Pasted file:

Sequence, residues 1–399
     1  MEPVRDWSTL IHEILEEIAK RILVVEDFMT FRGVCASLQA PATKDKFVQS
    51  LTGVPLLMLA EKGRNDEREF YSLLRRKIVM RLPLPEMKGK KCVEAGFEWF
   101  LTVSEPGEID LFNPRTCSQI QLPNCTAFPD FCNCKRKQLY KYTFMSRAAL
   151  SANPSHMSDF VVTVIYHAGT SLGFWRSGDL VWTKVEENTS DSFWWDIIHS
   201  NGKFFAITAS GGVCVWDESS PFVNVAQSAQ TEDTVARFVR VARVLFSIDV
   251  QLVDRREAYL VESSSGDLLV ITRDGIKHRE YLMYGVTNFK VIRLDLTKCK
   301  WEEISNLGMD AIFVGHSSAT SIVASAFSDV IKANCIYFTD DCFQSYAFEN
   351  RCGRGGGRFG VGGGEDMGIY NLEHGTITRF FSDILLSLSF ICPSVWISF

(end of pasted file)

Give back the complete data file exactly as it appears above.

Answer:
Sequence, residues 1–399
     1  MEPVRDWSTL IHEILEEIAK RILVVEDFMT FRGVCASLQA PATKDKFVQS
    51  LTGVPLLMLA EKGRNDEREF YSLLRRKIVM RLPLPEMKGK KCVEAGFEWF
   101  LTVSEPGEID LFNPRTCSQI QLPNCTAFPD FCNCKRKQLY KYTFMSRAAL
   151  SANPSHMSDF VVTVIYHAGT SLGFWRSGDL VWTKVEENTS DSFWWDIIHS
   201  NGKFFAITAS GGVCVWDESS PFVNVAQSAQ TEDTVARFVR VARVLFSIDV
   251  QLVDRREAYL VESSSGDLLV ITRDGIKHRE YLMYGVTNFK VIRLDLTKCK
   301  WEEISNLGMD AIFVGHSSAT SIVASAFSDV IKANCIYFTD DCFQSYAFEN
   351  RCGRGGGRFG VGGGEDMGIY NLEHGTITRF FSDILLSLSF ICPSVWISF